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Patent Wars

November 7, 2012

The Apple lawsuit complaining that the charges being levied by Google / Motorola for use of patents are ‘excessive’ has been dismissed.  Meanwhile, in Germany, Apple succeeded in a lawsuit related to Google / Motorola mobile devices which led to their withdrawal from the market. In a similar multi-national battle with Samsung, Apple achieved a much-publicized victory in the US courts, winning substantial damages (though now on appeal for more); but in the UK, a different suit by Apple against Samsung was rejected and Apple has been forced to issue a public notice withdrawing its claims of infringement.

The list goes on – and it becomes hard to see who really benefits from this battle, except law firms. Behind it, there appear to be two particular strands. One relates to patents that resulted from genuine research and development; another relates more to general product characteristics – the more nebulous question of specific design. For example, one suit related to the shape of the corners.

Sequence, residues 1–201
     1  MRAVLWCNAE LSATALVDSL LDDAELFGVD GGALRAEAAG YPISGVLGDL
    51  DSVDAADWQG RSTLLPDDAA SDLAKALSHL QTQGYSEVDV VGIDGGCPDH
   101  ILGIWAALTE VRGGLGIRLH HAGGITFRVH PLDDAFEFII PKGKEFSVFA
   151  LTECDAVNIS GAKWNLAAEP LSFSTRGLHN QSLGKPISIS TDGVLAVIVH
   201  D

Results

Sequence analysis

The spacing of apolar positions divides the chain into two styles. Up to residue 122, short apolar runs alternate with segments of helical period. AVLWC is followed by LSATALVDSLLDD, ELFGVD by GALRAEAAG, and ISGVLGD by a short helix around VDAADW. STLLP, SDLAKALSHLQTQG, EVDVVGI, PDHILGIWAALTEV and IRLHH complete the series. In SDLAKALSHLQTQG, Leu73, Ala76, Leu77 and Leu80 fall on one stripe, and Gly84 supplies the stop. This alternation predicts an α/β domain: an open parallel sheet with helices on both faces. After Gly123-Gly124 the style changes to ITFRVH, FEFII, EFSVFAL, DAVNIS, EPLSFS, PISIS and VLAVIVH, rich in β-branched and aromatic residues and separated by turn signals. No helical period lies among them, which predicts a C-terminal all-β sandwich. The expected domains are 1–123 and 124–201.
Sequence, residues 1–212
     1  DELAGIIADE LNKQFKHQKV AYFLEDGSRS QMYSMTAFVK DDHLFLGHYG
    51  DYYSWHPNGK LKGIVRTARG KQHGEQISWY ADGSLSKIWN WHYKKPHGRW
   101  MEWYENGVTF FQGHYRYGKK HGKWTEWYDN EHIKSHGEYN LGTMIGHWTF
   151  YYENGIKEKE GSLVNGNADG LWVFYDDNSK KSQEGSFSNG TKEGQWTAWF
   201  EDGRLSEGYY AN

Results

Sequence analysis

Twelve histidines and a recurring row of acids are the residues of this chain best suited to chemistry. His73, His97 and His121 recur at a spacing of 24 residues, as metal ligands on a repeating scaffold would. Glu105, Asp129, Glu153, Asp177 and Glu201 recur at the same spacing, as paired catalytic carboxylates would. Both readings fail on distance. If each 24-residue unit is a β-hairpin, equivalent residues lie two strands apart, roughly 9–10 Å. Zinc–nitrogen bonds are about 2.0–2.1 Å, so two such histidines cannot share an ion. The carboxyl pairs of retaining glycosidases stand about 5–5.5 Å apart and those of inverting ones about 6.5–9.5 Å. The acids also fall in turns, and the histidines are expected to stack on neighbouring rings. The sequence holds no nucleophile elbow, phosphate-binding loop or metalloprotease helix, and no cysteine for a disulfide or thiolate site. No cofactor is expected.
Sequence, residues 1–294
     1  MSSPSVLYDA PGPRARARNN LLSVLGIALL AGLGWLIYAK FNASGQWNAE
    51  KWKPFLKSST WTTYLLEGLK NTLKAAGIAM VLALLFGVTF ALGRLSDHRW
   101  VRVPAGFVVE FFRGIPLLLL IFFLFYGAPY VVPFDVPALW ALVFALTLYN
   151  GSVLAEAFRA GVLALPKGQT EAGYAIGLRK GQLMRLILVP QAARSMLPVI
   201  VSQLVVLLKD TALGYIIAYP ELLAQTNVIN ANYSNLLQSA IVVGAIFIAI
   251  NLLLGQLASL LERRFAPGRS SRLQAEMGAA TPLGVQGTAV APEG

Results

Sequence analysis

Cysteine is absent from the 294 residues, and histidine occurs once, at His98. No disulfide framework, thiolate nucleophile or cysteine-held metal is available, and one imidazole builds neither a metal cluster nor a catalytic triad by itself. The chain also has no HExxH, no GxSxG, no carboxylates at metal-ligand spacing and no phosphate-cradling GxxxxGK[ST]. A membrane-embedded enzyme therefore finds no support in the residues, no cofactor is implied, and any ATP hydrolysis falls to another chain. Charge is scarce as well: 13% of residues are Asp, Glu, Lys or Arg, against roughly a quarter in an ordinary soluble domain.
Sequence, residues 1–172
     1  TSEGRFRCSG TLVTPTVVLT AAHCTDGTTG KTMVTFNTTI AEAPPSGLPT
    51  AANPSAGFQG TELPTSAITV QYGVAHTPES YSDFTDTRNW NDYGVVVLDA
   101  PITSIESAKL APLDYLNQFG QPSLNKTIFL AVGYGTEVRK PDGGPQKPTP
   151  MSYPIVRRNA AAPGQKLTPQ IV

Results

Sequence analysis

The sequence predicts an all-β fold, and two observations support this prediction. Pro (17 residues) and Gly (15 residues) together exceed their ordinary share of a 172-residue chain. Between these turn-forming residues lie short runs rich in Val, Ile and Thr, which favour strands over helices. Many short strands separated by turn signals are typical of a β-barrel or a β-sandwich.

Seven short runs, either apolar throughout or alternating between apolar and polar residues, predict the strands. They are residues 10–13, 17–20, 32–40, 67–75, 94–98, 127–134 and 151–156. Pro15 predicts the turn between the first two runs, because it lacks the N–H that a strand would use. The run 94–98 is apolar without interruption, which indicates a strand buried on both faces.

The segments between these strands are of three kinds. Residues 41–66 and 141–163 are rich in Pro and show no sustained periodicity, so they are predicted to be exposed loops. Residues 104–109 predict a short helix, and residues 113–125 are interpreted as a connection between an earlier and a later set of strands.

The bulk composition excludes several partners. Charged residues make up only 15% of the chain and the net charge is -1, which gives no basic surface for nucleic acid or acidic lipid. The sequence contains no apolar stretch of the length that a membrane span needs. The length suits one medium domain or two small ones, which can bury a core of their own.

As suit and counter-suit develop, one has to wonder to what extent this conflict is simply part of a protracted negotiation, with each party trying to establish power. For example, will Google now compromise on its pricing in return for Apple backing down in Germany?

Another noteworthy aspect is that these high-profile law suits are predominantly between major US corporations (Samsung is clearly an exception). This is interesting, given the years of publicity we have had about the patent and copyright abuses that come from the East. It seems the real enemy – at least in these technology wars – remains in our own backyard.

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